Centrifugally Confined Plasmas: An Alternative Approach to Fusion
The Sun and all other stars burn because of fusion. Physicists (at least two National Academy of Sciences studies) agree that it should be possible to use magnetic fields to make a star on Earth and use the fusion energy to build power plants on the GW scale. In the last 30 years, tremendous progress has been made: fusion energy output from tokamaks, the mainline approach to magnetic fusion, has risen by more than a 100-billion-fold. An $8B international tokamak fusion experiment, ITER, will be completed in the next 10 years and, all indications agree, will be the first self-sustaining net fusion energy producing burning star ever built on Earth. A demonstration power plant is expected to be the next step after ITER.
The potential advantages of fusion energy are many: practically zero-cost fuel, no possibility of meltdown, no easy proliferation, < 100 year low level waste, no carbon emissions. The questions that remain are cost-competitiveness (estimates at 15-20 cents/KWh) and the complexity and maintainability of the tokamak-based concept. Given, on the one hand, the sheer enormity of the task (making a star) and, on the other, very high pay-off for future world energy security, continuing research in the optimization of the tokamak and related concepts as well as innovations beyond the tokamak are undoubtedly called for.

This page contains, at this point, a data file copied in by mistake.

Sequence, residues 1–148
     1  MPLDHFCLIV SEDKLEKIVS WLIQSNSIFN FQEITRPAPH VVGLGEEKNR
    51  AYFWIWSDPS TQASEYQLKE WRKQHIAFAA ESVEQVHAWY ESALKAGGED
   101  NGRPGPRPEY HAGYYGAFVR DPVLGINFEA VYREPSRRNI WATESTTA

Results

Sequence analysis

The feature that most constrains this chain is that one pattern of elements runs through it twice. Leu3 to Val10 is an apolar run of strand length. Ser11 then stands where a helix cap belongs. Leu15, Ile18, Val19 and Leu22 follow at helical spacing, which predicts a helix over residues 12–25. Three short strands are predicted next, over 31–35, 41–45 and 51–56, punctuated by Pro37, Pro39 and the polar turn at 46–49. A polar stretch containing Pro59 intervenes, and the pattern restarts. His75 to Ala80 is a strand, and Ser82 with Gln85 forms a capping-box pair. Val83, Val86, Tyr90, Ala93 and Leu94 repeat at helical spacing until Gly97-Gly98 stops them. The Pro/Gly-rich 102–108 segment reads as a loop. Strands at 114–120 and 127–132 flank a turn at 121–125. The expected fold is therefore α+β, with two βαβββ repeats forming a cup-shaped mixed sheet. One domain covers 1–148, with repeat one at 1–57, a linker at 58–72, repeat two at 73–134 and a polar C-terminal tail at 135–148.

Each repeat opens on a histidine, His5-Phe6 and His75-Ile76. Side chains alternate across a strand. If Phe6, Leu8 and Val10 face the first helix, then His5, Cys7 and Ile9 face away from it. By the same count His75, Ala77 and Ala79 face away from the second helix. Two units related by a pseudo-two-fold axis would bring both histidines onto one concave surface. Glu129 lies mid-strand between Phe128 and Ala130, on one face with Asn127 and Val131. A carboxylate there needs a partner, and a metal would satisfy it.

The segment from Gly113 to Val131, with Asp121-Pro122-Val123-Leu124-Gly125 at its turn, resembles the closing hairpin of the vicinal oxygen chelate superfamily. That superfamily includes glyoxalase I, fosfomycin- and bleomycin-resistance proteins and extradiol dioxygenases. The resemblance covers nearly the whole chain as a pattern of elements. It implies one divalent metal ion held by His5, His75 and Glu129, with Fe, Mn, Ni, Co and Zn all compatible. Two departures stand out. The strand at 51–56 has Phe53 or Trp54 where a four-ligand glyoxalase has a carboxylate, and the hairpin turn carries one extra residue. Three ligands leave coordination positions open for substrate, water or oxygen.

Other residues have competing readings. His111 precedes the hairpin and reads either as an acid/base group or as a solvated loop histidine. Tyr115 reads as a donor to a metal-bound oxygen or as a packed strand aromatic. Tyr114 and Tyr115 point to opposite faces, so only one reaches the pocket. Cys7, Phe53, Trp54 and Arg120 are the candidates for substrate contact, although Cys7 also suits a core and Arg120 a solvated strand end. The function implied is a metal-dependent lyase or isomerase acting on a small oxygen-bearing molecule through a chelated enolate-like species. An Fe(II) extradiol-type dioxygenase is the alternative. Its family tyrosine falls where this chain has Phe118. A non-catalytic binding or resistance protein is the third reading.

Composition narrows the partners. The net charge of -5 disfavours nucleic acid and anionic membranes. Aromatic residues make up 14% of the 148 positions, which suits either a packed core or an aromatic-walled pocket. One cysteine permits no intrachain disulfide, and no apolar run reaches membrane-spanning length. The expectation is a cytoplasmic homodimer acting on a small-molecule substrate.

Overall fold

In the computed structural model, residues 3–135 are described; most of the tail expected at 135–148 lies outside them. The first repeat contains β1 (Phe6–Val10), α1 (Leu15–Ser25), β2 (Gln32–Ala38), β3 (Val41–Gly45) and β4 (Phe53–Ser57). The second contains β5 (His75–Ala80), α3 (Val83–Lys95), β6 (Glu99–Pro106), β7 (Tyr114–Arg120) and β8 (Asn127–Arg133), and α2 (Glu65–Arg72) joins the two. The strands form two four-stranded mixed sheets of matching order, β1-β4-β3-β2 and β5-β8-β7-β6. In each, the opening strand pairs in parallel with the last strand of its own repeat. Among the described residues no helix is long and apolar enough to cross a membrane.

At UM, we are experimenting on the feasibility of a highly novel approach to magnetic fusion. The tokamak is basically a loop of magnetic wire that is closed on itself with hot fusion fuel particles held together in star formation much as beads on this wire (left pic, below). Translated into physics reality, this makes for a system that can create a star but at the cost of large size and engineering complexity, in particular, large, inter-nested current coils. The UM approach uses centrifugal force: bend the magnetic wire into coat-hanger shape (right pic) and spin it supersonically; the beads will accumulate and be held in centrifugally at some maximum distention point on the wire. Translated, this yields an exceedingly simple current coil structure leading to less complexity and possibly smaller size. A proof-of-principle experiment, The Maryland Centrifugal Experiment (MCX), is on the way. It has achieved two of its three objectives. If all goes according to the physics projections, a next-level upgrade with stronger magnetic fields, a $2M/year class experiment, can be envisioned.